Anyone shopping for a millennial starter pack would probably find White Claw, some type of plant-based meat, memes, and astrology. Only the essentials. However, that last one might be surprising. In true millennial fashion, many falling under the generation’s umbrella are excavating retro trends—astrology happens to be one of them.
The New York Times estimates that the mystical services market is now worth $2.2 billion. This is due in part to astrology apps like Co-Star, Sanctuary, and The Pattern. These apps provide users with insightful, highly personalized horoscopes directly on their smartphones every day.
Astrology for the Current Moment
Co-Star and its ilk come at a perfect time. Its creators have developed an app that speaks to society’s current moment. Reading horoscopes and your star chart are simultaneously narcissistic and exploratory exercises. Co-Star feeds into peoples’ obsession with themselves and their desire to know and discover their true selves. Adding to that, apps like Co-Star design and write content that users want to share online to followers and friends alike. The app’s slightly haughty tone and readings can be, at once, no-nonsense, funny, and realistic.
After adding birthdate info, Co-Star begins sending users daily guidance. The app’s recommendations oscillate between vague and emoji-filled to somewhat accurate. Push notifications telling users that “We’re all gonna die someday, so take a chance today,” and “Be someone’s service animal today,” aren’t out of the norm.
Co-Star’s design is also a pursuit of “aesthetic.” It is sparse yet bursting with bright colors and animations. It is cool and designed with a specific audience in mind. “We live in this moment where all the startups can look the same, feel the same, kind of talk to people like they’re toddlers,” Co-Star CEO Banu Guler tells the Verge. “Everything’s cartoon and curvy edges. But that’s not real.”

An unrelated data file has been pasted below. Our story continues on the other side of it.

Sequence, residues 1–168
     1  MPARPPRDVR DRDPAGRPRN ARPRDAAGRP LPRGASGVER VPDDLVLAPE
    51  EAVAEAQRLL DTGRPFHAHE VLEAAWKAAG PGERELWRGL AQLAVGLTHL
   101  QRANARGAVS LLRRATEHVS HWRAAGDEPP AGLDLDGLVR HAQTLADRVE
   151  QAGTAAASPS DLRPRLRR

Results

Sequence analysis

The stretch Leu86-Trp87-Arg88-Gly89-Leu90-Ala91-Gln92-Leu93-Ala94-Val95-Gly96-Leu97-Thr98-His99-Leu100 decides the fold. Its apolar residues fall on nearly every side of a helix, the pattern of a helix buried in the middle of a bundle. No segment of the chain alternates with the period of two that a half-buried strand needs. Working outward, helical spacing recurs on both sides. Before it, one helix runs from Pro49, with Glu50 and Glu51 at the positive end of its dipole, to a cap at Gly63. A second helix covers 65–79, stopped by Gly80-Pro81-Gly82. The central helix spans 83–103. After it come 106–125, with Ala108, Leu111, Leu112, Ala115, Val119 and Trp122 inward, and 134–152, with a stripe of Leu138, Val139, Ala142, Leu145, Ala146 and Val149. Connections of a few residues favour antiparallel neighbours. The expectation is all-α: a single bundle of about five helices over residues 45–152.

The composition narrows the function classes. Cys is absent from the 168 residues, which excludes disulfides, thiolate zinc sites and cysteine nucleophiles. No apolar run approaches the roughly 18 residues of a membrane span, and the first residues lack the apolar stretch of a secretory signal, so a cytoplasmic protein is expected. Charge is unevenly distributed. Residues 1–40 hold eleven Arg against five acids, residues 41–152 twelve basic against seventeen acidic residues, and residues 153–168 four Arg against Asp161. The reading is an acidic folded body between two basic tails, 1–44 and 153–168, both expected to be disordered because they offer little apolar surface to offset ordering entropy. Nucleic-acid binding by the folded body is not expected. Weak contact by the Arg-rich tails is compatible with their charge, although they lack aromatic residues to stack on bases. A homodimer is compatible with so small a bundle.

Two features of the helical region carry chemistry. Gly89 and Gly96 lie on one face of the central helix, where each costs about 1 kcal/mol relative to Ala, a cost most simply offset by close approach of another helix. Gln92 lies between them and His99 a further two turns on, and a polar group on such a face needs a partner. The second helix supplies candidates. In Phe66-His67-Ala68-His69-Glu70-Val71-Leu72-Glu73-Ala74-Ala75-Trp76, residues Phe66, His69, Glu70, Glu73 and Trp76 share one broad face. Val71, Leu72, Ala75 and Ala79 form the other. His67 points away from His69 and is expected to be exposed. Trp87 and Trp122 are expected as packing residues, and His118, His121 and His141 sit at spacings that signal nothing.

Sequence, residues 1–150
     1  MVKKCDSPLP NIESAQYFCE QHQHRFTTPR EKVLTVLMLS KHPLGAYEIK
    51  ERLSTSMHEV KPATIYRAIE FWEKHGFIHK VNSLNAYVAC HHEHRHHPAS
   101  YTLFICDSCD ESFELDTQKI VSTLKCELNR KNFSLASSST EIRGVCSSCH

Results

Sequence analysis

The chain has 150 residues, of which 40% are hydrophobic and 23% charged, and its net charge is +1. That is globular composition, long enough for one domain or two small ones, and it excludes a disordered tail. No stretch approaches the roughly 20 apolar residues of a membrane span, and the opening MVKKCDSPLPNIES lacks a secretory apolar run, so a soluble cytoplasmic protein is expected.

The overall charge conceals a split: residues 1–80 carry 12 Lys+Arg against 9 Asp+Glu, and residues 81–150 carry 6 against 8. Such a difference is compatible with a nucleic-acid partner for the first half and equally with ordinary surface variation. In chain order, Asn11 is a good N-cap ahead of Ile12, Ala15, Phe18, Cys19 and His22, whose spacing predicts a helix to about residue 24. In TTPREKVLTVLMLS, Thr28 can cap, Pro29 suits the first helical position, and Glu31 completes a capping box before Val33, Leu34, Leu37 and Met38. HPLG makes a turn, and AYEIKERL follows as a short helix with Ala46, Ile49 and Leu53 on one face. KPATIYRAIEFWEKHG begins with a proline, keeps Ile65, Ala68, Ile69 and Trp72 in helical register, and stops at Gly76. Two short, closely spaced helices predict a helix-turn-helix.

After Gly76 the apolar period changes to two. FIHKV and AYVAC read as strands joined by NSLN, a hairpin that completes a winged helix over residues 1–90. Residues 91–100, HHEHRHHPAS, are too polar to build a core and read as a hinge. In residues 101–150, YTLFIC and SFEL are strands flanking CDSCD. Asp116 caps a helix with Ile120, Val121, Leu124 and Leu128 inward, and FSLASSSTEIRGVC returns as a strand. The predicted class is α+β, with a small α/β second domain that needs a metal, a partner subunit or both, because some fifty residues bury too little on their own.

Are Co-Star’s Readings and Horoscopes Real?
When speaking with the Verge, employees at Co-Star wouldn’t divulge how the algorithm works. Instead, they say that delivering daily notifications takes “lots of study.”
The team at Co-Star doesn’t write individual horoscopes and readings for every user (obviously). Instead, they write snippets that get mapped out to different signs before an AI takes over and dispatches the blurbs to users. The key is that the content writers do all of this in a voice that’s particularly privy to how people speak online and through iMessage. It’s a lot like sitting around a few bottles of wine deep, reading horoscopes out of a book with your friend who is a yoga teacher and moonlights as an amateur astrologer for birthday parties.
“We’re always studying astrology,” says Ona Mirkinson, a lead content writer for Co-Star. “So that means that we’re reading multiple books about astrology and also looking at how people are currently talking about astrology on social media, on different blogs, just on the street or whatever…So that’s one of the really fun things about working at Co-Star is being able to merge astrology with psychology and literature to create these different snippets that then get mapped to people’s natal chart.”
Mystical Services are Cashing In
Regardless of the accuracy and veracity of Co-Star’s readings, it hasn’t stopped venture capitalists from taking notice and dumping cash into the company and others like it. Earlier this year, Co-Star raised $5.2 million in seed funding. Other services like Sanctuary have found more ways to separate truth-seekers from their cash by offering live and on-demand readings within their apps for $20/month. Miss Cleo, it ain’t. However, if history has taught us anything, it’s that knowing your future isn’t cheap.